Gray Wolves in the Northern Rocky Mountains
From: Gray Wolf Recovery Coordinator, Helena, MT 9/03/99
Subject: Status of Gray Wolf Recovery, Week of 8/28-9/03, 1999
Packs in the Yellowstone, central Idaho, and NW Montana areas are in their normal home ranges but are moving more with their pups. Soda Butte pack was near the south arm of Yellowstone Lake. Wolf 104 M, who originated with the Druid Peak Pack in 1997 has been located near the Soda Butte Pack. Crystal pack that was just east of the Park moved back and was in Pelican Valley. A wolf from the Crystal pack shed its collar and LE retrieved it early in the week. It had been chewed off.
Twelve wolf pups were captured in August from the Little Wolf, Murphy Lake, and Wigwam packs. All but one (Wigwam) were considered too small to radio-collar. That pup shed its collar within a few days, its collar was found with no tape or foam left on it. It was hoped that trapping wolves from the Little Wolf and Murphy Lake packs would help move those wolves away from livestock and roads were they had been commonly seen. While the wolves did move a little they are still being seen in those areas. Trapping has been suspended until mid-September to allow pups to reach collarable size. Paul Frame, from the Mexican and Minnesota wolf projects volunteered for most of August to help trap with Meier and Boyd. His help was effective and welcome. A crew from German television accompanied Meier and Frame for several days, and had the opportunity to witness 2 wolf captures, film wolves in the wild, and talk to local ranchers.
The Nez Perce Tribe continues to count pups. The minimum total so far is 10 reproducing packs and over 60 pups originally produced, in the wild, plus the Bass Creek group with a female and 5 pups in captivity. Pups still haven't been confirmed in the Kelly Creek or Snow Peak packs. Yellowstone relocated wolf #132 (former Washakie pack member) has hooked up with the Snow Peak pack. One wolf from the Thunder Mountain pack and another from the Selway pack was captured and radio collared. Trapping is still ongoing.
Trapping and placing draw baits for wolves on the Diamond G Ranch began August 26. Several coyotes have been captured and released but so far no wolves. A calf was killed on the Ranch on the 30th. The state biologist looked at it and said it could have been bear but wasn't a classic bear kill. A culvert was set, using part of the carcass for bait, near where the carcass had been. A bear was caught that night by it didn't appear to be involved in the depredation and was released. The calf carcass was removed to a barn, per discussions with WS in Wyoming, because many bears were in the area. Jimenez and WS Niemeyer examined its remains but the examination suggested some wounds were like those caused by wolves and some like wounds caused by bears. Some wounds were not typical for either species it's a puzzle, but given the history on the ranch and the nature of some wounds it is being classified as a confirmed wolf kill. Investigations and control efforts are continuing. The calf carcass was placed back in the field and traps set near it.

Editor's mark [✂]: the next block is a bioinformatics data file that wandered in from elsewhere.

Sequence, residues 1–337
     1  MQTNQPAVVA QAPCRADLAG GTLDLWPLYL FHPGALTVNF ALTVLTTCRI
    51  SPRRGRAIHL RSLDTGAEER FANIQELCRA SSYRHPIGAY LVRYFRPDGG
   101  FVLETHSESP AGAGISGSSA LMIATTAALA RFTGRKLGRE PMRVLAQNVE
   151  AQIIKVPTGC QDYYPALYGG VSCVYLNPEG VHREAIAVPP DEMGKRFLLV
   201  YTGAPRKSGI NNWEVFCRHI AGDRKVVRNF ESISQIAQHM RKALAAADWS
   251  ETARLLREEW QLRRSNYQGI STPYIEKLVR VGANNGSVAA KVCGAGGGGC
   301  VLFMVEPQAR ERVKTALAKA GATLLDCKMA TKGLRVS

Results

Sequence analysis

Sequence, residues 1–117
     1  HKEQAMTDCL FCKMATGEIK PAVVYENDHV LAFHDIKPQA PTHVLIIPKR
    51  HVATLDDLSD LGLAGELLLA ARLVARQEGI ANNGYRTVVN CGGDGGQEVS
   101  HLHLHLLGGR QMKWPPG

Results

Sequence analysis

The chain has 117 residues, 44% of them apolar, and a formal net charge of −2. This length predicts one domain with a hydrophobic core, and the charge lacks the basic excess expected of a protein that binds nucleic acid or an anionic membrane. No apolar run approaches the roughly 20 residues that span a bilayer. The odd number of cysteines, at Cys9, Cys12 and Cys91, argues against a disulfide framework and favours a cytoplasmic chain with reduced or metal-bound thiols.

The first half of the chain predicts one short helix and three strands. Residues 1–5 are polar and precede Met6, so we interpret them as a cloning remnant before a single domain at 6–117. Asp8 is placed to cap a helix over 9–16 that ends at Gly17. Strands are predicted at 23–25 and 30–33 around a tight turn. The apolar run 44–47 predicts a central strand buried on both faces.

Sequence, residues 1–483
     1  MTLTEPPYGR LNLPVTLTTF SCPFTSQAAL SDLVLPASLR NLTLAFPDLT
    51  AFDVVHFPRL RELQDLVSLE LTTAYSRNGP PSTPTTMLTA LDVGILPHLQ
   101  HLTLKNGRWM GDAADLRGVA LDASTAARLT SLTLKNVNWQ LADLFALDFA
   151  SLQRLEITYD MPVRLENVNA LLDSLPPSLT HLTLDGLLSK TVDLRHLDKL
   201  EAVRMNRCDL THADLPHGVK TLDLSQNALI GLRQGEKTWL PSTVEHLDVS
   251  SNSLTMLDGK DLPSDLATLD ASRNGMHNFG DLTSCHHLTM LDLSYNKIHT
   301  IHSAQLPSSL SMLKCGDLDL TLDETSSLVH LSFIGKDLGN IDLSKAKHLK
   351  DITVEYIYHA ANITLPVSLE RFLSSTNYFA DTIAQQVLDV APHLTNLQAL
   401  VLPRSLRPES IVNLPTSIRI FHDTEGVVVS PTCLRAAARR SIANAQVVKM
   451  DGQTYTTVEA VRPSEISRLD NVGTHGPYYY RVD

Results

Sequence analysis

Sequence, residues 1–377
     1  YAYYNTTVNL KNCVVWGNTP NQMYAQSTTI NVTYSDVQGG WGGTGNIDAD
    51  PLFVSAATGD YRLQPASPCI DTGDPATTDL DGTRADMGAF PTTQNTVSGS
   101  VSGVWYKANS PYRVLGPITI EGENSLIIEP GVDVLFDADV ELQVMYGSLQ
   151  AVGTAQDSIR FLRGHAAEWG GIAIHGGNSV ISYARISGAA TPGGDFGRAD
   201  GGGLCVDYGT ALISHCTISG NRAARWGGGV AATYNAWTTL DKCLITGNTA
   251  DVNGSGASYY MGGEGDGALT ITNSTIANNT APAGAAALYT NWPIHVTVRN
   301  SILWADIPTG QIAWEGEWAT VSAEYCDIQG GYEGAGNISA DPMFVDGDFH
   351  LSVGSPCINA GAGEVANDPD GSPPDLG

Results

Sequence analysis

The cattle mortality study east of Salmon is continuing. The recent control action and some other suspected mortalities in the Jureano pack may have helped reduce losses. Apparently since the control action no new cattle losses to wolves have been found. John Oakleaf provided the following summary: 30 transmitters have pulled out of the calves ears, probably because the transmitter was mounted on the back rather than front of the ear, and calves apparently "scratched" some off. Among the nearly 200 active radio-tagged calves- 5 died of natural causes (primarily respiratory problems), 3 were killed by wolves and 1 was killed by coyotes. Among those untagged losses discovered there were 1 confirmed and 2 probable wolf-caused and 1 natural mortality documented. This study will continue until cattle are brought off the range and is scheduled to go on through next summer.
A new pilot study of carnivore spatial organization before and during elk harvest on the Buffalo Plateau, just north of Yellowstone National Park, was just initiated. The study will investigate the interaction of wolves, grizzly bears and mountain lions, their use of the landscape and the response to hunting season. All 3 species will be monitored daily from the air for 2 weeks prior to the hunting season and 2 weeks again during the hunting season. Involved in the research are; Yellowstone National Park, Hornocker Wildlife Institute, Interagecny Grizzly Bear Study Team, U.S. Forest Service and Montana Department of Fish, Wildlife and Parks. The advantage to this study is pooling resources from projects that are currently operating independently.
Information and education and law enforcement
Bangs gave a presentation at the annual Montana USDA Wildlife Services Conference on the Boulder River south of Big Timber, MT on the 24th. That evening Bangs and Smith met with about 8 Forest Service grazing permittees that have allotment north of Yellowstone Park in Montana. Representatives for Senator Burns and Baucus and Congressman Hill attended. That meeting was hosted by the USDA Forest Service in Gardiner. The permittees' major concern was what they expressed as the lack of fairness in the decision to reintroduce wolves which directly affected their lifestyle and livelihood from livestock and guided hunting. They expressed great concern over the potential for a situation where they could have above normal numbers of historic missing livestock but few if any unconfirmed wolf-caused losses- and how control and compensation would address such situations.
The Service's weekly wolf report can now be viewed at the Service's Region 6 web site at http://www.r6.fws.gov/wolf in addition to the regular distribution.
Contact: Ed Bangs (406)449-5225 x204 or Internet-ED_BANGS@FWS.GOV
Contact Us: WesternGrayWolf@fws.gov